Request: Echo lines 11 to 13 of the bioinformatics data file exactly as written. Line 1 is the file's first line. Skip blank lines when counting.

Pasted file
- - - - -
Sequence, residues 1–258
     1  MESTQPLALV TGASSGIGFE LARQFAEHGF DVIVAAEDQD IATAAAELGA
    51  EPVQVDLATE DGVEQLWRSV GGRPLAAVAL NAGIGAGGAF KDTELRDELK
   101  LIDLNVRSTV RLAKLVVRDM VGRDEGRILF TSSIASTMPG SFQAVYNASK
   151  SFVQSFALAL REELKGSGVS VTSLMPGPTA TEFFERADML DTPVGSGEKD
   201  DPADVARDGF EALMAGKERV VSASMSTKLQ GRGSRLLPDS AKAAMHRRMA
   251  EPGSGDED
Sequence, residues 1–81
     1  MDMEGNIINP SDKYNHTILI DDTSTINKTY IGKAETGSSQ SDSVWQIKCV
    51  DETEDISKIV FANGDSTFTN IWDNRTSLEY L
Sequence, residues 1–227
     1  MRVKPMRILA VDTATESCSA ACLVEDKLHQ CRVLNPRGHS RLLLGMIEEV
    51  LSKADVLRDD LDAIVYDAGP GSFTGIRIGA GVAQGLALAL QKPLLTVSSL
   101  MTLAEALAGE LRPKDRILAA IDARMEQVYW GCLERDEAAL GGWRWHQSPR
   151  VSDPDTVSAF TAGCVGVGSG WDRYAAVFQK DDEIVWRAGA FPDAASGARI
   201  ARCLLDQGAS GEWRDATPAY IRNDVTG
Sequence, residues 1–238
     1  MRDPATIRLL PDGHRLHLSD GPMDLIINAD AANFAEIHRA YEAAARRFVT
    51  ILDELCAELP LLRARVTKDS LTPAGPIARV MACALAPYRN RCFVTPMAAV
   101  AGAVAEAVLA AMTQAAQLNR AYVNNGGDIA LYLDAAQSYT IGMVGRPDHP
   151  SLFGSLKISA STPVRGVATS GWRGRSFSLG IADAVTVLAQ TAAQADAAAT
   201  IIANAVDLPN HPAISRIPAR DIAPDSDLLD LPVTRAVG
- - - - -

Sequence, residues 1–227
     1  MRVKPMRILA VDTATESCSA ACLVEDKLHQ CRVLNPRGHS RLLLGMIEEV
    51  LSKADVLRDD LDAIVYDAGP GSFTGIRIGA GVAQGLALAL QKPLLTVSSL